Question about Microsoft Windows XP Home Edition
I keep hearing about using Diskpart.exe to make my partioned drive bigger. However, I also learned, in order to use this tool I should have FAT not NTFS.
Is it possible to convert the NTFS to FAT and then use the diskpart.exe tool? Then, once I've increased the size of my partition can I simply convert the FAT back to NTFS?
Or does it even matter which one I have?
The only way to make your partion bigger is too merge your partitions.
The way the partition is formatted. (ie. FAT, FAT32, NTFS, etc) allows for information to stored differently. These file allocation tables use different size slots to store the information in. When you install a new program, the data is put into the first empty slot on the drive, and if there too much data for 1 slot, it uses the next available empty slot and so on until all the data is stored. If the last bit of data is just a couple of bites. The remaining space is unusable for any other program, thus wasting space.
When you delete a program, those slots are emptied and the next time you install something, it is stored in the first available empty slot. SInce most programs are not the same size, your drive soon becomes fragmented and this slows down the way the OS is able to retrieve information. (That's why defraging is a good thing.)
So using smalller allocated table sizes makes more efficient storage (less wastage of space) but on large drives this also makes for slower retrieval times and makes the OS work harder.
But to answer your question, you cannot easily convert NTFS to FAT,and I don't understand why you'd want to go to FAT from NTFS anyway. NTFS has much better security (FAT has none) and is more efficient than FAT.
But to convert to FAT you would need to do the following:
BACK UP YOUR DATA FIRST/
Then delete the partition that you wish to convert. This is done by going into Disk Management: right click "My Computer" -> Manage -> Disk Management, which is found under the Storage section. Right click the partition you wish to remove, and click "Delete Volume". This will erase the partition. Once you have done this, you must re-create the partition. This is done by right clicking on an unallocated region of a disk, and selecting "Create Partition". Then click "Create Logical Drive". Bear in mind that Windows cannot format a FAT32 partition that is any larger than 32GB. This is the case because FAT32 is terribly inefficient on volumes that are larger than 32GB: fragmentation becomes a serious problem.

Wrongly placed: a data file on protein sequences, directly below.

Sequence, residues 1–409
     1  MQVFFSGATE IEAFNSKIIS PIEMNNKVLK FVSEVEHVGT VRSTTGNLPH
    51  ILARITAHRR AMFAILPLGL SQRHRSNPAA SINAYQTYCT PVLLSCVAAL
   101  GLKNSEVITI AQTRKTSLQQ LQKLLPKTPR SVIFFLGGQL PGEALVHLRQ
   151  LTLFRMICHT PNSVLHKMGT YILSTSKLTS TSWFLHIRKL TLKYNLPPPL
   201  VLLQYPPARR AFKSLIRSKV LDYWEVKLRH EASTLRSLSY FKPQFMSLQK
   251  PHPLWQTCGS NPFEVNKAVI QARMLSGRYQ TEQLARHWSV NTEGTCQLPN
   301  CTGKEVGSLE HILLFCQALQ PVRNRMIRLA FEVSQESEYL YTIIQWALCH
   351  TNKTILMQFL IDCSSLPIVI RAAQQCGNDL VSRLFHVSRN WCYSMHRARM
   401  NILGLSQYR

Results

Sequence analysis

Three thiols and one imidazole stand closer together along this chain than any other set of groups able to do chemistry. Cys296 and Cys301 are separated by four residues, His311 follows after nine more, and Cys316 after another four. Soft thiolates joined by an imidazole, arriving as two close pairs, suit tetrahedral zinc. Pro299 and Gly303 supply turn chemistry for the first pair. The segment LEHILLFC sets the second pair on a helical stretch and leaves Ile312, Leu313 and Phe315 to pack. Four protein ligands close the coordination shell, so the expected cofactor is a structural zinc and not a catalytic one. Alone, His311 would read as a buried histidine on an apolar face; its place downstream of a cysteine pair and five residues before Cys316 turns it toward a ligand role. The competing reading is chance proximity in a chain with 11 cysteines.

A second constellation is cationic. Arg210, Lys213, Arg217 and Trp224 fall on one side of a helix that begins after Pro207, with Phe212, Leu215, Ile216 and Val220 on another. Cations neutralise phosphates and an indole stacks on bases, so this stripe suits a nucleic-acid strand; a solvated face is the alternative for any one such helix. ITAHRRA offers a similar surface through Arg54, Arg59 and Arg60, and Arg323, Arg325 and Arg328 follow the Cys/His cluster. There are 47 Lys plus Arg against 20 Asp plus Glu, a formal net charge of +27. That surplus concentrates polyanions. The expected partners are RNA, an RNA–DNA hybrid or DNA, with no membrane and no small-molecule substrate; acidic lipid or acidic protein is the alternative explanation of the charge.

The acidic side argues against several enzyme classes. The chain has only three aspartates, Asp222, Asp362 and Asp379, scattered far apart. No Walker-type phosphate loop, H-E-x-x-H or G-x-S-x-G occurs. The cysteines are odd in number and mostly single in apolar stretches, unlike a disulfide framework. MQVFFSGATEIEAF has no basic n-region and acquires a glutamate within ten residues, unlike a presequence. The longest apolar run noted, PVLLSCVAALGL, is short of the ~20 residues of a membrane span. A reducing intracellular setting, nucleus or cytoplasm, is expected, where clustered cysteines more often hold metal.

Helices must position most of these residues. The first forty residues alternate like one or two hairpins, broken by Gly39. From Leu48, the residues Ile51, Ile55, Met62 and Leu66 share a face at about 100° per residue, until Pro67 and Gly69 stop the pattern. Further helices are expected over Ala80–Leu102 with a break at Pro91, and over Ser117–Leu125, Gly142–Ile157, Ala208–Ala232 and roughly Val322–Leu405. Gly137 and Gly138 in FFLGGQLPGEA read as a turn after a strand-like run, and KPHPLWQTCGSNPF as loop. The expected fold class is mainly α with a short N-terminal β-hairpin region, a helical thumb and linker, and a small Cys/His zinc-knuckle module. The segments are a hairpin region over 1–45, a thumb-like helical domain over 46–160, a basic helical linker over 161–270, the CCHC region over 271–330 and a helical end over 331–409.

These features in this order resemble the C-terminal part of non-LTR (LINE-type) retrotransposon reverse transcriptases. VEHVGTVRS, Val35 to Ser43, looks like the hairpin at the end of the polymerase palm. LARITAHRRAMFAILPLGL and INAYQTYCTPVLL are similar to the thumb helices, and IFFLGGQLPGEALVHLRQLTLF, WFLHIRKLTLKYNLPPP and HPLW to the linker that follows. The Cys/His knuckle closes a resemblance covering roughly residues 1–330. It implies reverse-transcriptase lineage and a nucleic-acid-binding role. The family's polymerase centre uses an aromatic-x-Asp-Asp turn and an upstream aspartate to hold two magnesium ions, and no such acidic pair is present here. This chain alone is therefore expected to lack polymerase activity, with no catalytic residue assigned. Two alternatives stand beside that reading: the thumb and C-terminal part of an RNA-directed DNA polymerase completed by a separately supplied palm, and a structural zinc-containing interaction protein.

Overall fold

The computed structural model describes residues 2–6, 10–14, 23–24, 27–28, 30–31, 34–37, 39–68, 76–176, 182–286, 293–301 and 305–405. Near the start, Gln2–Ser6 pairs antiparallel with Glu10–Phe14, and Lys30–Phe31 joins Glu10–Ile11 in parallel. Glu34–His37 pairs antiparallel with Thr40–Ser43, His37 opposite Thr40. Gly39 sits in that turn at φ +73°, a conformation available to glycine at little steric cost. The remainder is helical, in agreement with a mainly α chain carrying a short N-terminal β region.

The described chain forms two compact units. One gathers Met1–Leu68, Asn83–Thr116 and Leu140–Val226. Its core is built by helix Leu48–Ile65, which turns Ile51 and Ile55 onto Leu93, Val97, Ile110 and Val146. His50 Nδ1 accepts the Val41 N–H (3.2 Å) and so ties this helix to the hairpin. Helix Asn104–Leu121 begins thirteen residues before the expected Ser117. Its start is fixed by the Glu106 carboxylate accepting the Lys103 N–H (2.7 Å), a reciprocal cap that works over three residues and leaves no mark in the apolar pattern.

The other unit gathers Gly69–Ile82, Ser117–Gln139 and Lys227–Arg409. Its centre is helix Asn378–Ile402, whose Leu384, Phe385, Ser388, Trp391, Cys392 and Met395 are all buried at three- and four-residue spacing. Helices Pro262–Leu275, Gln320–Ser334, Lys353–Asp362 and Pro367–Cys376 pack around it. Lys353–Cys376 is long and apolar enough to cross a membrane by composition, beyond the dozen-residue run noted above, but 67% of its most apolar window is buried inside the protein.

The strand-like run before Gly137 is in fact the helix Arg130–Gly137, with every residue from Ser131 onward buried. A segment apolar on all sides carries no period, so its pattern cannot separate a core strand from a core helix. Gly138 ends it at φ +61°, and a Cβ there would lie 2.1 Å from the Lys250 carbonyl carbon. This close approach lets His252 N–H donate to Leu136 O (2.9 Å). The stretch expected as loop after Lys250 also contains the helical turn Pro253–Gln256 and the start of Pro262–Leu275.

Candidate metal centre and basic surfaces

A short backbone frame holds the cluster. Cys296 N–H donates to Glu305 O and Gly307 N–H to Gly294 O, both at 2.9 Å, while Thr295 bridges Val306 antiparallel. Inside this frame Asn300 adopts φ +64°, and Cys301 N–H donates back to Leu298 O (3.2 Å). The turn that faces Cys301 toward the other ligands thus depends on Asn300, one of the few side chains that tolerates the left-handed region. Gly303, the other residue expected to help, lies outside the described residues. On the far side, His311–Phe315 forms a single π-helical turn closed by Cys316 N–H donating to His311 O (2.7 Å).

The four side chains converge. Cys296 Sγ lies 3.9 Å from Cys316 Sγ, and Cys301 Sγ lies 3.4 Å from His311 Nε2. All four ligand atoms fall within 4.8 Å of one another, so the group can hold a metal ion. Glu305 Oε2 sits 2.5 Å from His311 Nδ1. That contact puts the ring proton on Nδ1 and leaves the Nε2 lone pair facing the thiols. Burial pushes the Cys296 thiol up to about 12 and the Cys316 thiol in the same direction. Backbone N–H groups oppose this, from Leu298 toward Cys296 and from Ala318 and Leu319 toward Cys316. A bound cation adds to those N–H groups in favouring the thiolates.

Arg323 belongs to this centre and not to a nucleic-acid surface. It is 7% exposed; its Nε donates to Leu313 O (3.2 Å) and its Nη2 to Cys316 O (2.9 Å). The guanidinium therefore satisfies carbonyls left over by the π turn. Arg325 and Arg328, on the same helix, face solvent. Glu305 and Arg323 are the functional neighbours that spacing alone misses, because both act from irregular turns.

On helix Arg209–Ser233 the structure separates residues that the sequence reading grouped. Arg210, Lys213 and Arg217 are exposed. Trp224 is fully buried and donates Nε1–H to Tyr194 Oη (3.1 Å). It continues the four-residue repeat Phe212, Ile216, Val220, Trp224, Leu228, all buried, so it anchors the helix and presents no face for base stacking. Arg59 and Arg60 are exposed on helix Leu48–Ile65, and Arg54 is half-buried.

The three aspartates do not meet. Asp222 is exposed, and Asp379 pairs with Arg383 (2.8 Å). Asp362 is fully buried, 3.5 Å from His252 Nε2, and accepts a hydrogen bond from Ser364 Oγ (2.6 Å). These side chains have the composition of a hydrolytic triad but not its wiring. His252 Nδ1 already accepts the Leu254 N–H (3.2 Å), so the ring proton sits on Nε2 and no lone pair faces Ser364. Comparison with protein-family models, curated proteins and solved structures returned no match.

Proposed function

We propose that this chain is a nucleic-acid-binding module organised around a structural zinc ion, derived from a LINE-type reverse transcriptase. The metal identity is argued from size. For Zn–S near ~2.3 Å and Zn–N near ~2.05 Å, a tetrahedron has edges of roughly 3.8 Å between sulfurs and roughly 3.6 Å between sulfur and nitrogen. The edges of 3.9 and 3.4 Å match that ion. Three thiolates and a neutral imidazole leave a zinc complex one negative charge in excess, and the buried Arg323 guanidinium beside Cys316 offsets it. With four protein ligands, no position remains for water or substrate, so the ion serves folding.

To format this new volume, right click it, and choose Format. Again, if the volume you wish to format is larger than 32GB, FAT32 will not be one of the options available to you in the drop-down box. You will have to create multiple partitions if you want to format a large drive as FAT32. (Oops, there goes the reason you were doing this in the first place)
You would be better off just leaving it alone, and if you must have a bigger drive, either buy a larger drive, or merge 2 partitions. (Using the above method to do so)
Hope that helps.
Posted on Dec 25, 2007
Save hours of searching online or wasting money on unnecessary repairs by talking to a 6YA Expert who can help you resolve this issue over the phone in a minute or two.
Best thing about this new service is that you are never placed on hold and get to talk to real repairmen in the US.
Here's a link to this great service
Posted on Jan 02, 2017
Tips for a great answer:
Apr 12, 2014 | Toshiba Portege Z930-S9302 : Ultrabook -...
on Jan 26, 2010 | Computers & Internet
Nov 08, 2013 | SanDisk Electronics - Others
Oct 25, 2013 | Iomega Prestige 1 TB USB 20 Hard Drive
Apr 30, 2011 | Computers & Internet
Mar 10, 2011 | Computers & Internet
Oct 27, 2010 | Western Digital My Book Essential 1TB...
Jul 13, 2010 | Seagate FreeAgent Pro - 500GB, 7200 RPM,...
Jan 10, 2009 | Western Digital (WD3200JS) 320 GB Hard...
Jan 04, 2009 | Seagate FreeAgent Go 250 GB USB 2.0 Hard...
101 people viewed this question
Usually answered in minutes!
Step 2: Please assign your manual to a product: